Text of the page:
When I wrote the following letter to the local newspaper, school prayer was a very hot topic which had generated an on-going battle on the editorial page and that battle showed no sign of ever stopping.
This letter killed that battle. After this letter was printed, there was not another mention of school prayer in any letter to the editor until two years had passed. While other factors could have caused the cease-fire (e.g., an arbitrary editor blocking all subsequent letters on the subject), I would like to think that it was my brilliant, impeccable logic <grin> and the plain and obvious truth that had made them realize the error of their ways.
Orange County Register
1985 August 02
The nation's better off without school-prayer laws
It is ironic that people like the Rev. Randy Adler ("Fighting back against liberals," July 11 letter) should be fighting so hard to obtain something they have always had. He was responding to the Rev. Robert Tanksley's June 16 letter, "Religion can do quite well without government help."
Tanksley had asked, " .. why mandate prayer only in the schools? Why not in theaters and restaurants?" Adler said, "The reason is that only in public schools is prayer forbidden. Prayer is already permitted in theaters and restaurants." Adler's statement is wrong for two important reasons.
1.) Prayer is not forbidden in the public schools. Whereas organized, vocal prayer in the classroom has been ruled unconstitutional, students have always had the right to silent prayer.
2.) Public schools differ greatly from theaters and restaurants in that the public schools are run by the government. The owner of a theater or restaurant may advocate whatever religion he wishes, but the government is restricted from doing so by the First Amendment. The teaching of religious beliefs and practices is the duty of the parents and the churches, not the government.
So why should so much effort go into lobbying for unnecessary laws for silent prayer? Since the experiences of other states show that once a silent- prayer law is passed, it sets the precedent for a vocal-prayer law which soon follows, we should look at the effects of a vocal-prayer law.
The enactment of a vocal-prayer law means that the government must compose and/or endorse a particular prayer. In a monolithic society, this would be no problem, but in our pluralistic society, serious problems arise.
Less than 57 percent of our population is Christian, so no religion enoys a clear majority. We have the Jewish faith, Muslims, Buddhists, Krishnas and even Rajneesh followers. By choosing a particular religion's prayer, the government would be sponsoring that religion.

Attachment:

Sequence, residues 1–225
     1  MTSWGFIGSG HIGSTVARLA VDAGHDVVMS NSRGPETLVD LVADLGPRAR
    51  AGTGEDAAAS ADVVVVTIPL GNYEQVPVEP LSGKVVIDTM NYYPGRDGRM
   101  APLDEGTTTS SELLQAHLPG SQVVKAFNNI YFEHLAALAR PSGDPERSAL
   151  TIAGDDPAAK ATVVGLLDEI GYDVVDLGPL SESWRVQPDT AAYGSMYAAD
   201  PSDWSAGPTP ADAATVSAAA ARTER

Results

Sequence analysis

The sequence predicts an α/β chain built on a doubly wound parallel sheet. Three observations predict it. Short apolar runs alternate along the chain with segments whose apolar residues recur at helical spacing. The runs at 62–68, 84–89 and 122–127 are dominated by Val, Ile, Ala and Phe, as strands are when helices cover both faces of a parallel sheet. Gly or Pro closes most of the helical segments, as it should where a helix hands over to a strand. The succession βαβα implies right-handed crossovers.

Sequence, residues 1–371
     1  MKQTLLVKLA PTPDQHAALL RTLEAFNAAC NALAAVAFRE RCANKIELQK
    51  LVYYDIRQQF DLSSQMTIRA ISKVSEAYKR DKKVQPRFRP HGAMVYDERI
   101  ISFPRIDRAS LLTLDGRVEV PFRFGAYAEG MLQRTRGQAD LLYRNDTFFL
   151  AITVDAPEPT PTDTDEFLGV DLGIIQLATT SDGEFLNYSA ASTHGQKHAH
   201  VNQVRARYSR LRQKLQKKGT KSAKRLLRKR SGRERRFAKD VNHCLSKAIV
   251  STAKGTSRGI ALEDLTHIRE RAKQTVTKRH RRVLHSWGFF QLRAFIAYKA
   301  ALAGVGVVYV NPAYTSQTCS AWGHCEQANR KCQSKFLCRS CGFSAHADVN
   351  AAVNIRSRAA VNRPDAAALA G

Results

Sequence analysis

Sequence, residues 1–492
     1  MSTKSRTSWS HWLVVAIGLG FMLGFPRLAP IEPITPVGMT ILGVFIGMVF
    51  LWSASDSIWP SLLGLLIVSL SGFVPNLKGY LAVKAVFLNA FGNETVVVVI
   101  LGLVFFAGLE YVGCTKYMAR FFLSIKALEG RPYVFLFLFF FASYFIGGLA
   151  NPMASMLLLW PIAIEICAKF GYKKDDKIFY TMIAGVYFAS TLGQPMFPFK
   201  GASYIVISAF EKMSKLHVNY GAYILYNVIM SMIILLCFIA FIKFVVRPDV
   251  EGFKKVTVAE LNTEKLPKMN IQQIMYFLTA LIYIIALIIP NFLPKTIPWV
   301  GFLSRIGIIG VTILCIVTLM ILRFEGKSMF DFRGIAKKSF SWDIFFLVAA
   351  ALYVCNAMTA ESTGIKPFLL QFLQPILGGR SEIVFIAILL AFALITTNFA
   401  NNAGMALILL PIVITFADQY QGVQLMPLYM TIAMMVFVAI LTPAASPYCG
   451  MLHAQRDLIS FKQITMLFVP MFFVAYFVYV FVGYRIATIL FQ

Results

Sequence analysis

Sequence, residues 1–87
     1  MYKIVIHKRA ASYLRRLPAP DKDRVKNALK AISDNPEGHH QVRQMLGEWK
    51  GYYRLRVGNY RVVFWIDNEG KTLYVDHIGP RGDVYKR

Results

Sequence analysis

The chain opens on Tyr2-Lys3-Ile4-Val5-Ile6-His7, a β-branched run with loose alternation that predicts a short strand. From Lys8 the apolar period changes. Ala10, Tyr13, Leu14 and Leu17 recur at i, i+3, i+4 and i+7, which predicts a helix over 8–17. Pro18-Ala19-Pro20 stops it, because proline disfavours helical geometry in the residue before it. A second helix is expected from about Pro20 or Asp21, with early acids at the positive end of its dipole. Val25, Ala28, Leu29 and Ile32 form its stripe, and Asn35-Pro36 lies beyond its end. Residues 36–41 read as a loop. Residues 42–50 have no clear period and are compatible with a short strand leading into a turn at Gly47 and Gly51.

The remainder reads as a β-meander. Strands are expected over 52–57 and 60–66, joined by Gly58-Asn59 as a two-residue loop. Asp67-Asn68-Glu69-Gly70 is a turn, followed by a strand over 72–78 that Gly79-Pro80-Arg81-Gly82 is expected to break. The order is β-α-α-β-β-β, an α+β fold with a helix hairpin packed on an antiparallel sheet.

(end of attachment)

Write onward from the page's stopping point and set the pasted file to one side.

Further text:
A generalized prayer that doesn't offend any particular faith would be so watered-down and meaningless that the whole exercise becomes ludicrous.
What effect would school-prayer laws have on children? They would benefit little and could be harmed.
A child learns most of its moral, religious and social values between the ages of 3 and 10. The single most powerful force in shaping the child's values is the family.
Since moral values are independent of religious values, and are largely learned before the child enters school, the recital of prayer would have little, if any, effect on the child's moral values.
Adler claims that the public schools are now being used to strip our children of faith and morals, yet if government were to promote a particular religion in the public then the effect would be to strip the children of other religions of their faith.
Even if the prayer were non-sectarian Christian, then the 43 percent of non-Christian students would have another religion forced on them.
Like Adler, I am concerned with the preservation of traditional values. We have traditionally been a pluralistic society ruled by a secular government. In Washington's time, we were not a Christian nation. With the Constitution intact and with less than 57 percent of our population being Christian, we are still not a Christian nation.
Despite the acts of Congress in l954 and l956 to change our national motto from "E Pluribus Unum" ("Out of many parts, one") to "In God we trust" and to insert the words "under God" into our Pledge of Allegiance, we must continue to not be a Christian nation
Only by avoiding the state sponsorship of a particular religion can we guarantee everyone's right to freedom of religion.
School-prayer laws are unnecessary and highly undesirable. Our children already enjoy the right to pray silently, of their own volition, and should continue to do so without the interference of Adler's conservative clergy.
David C. Wise
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First uploaded on 2001 November 01.
Updated on 2011 August 18.